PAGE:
Recent policies and proposals from a number of government agencies are pushing the home care industry toward major change, presenting an opportunity for those who climb aboard early.
Many of the home health regulations center around an organizations' ability to share select patient data with other providers, de-identified data with the healthcare community and patient records with patients themselves.
These home health regulations create opportunities for organizations to demonstrate their value to the healthcare community, form partnerships based on that value and gain a seat at the table. Along the way, we'll help move the country from a focus on healthcare to one on health, where all individuals feel responsible for their own health, leading to lower costs.
New Policies Impacting Home Care
Here are some major recent policy proposals and legislation that home health organizations should be aware of:
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The goal of the plan is to expand health IT adoption; advance secure and interoperable health information; strengthen healthcare delivery; advance the health and well-being of individuals and communities; and advance research, scientific knowledge and innovation. In other words, how can we get to the point where we can collect care data from any system, share it with providers and communities and use it to advance health and wellness?
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This roadmap outlines 20 elements of clinical information that should be shared among providers, including medication, allergies, devices, vital signs and the patient care plan. The document outlines a goal for providers to have the ability to send, receive and use a common clinical data set by 2017; expand the system's users, sophistication and scale by 2020; and achieve a broad-scale learning health system by 2024.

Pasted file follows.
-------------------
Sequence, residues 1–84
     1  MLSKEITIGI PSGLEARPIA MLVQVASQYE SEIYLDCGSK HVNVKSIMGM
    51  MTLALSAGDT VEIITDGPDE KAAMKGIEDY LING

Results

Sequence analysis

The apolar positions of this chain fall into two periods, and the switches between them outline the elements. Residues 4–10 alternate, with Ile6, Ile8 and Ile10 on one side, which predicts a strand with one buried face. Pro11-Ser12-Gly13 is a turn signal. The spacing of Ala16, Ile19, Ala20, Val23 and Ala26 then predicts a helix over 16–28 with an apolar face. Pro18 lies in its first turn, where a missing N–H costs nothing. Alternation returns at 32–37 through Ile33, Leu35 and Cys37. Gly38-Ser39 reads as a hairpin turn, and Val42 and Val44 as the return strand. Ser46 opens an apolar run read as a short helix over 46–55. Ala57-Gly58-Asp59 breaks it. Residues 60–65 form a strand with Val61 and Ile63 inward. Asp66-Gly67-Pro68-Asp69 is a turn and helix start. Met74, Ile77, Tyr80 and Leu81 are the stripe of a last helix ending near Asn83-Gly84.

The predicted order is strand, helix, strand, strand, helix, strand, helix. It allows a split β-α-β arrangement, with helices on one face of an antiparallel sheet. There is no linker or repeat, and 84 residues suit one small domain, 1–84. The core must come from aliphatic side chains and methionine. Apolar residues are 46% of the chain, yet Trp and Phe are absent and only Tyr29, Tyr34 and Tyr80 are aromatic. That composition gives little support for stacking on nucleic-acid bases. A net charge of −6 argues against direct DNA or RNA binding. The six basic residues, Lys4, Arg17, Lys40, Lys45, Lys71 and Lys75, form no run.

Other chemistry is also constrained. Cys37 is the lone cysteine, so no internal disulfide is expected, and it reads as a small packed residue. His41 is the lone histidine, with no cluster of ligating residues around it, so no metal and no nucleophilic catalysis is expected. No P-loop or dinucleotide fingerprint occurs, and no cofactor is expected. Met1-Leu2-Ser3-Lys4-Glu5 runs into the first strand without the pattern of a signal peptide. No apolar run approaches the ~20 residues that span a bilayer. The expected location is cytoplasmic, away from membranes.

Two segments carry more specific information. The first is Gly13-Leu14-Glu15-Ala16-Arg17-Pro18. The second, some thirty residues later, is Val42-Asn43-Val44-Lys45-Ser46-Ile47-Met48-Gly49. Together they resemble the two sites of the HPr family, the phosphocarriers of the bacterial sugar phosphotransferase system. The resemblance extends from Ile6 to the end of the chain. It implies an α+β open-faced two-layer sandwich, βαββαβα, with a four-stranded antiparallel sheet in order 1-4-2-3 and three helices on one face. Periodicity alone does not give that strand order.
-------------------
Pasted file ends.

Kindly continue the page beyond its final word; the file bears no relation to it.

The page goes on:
CMS published for the first time specific goals aimed at moving from fee-for-service payments to alternative payments such as ACOs and bundled payments. It's targeting to have 50% of payments in category 3 (alternative payments) and category 4 (population-based payment) by the end of 2018.
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This proposal, from the Office of the National Coordinator for Health Information Technology (ONC), aims to improve interoperability by incorporating enhanced data portability, care transitions and application programming interface (API) capabilities into the program.
The Medicare Sustainability Growth Rate Fix, signed into law in April, ended a pending 21% cut to Medicare providers. It requires EHRs to be interoperable by 2018 and prohibits providers from blocking information sharing from other EHR vendor products.
The goal of the legislation is to accelerate the discovery, development and delivery of medical therapies. The bill defines interoperability and establishes a deadline to achieve it and creates a new risk-based framework for the regulation of health IT. The House of Representatives passed the in July.
With so many home health regulations trying to address interoperability, patient data and health IT, this is clearly not the time to stick our heads in the sand and hope nothing will change. In fact, many of the proposed changes, both legislative and regulatory, converge between 2017 and 2019.
That makes the next couple of years critical for determining how we can prepare for what's coming while protecting what's important to us. We know that healthcare in 2020 will be entirely centered on the patient, with better care, better connectivity and better business – and it's up to us to figure out how to get there.
This blog originally published on June 23, 2015 on blog.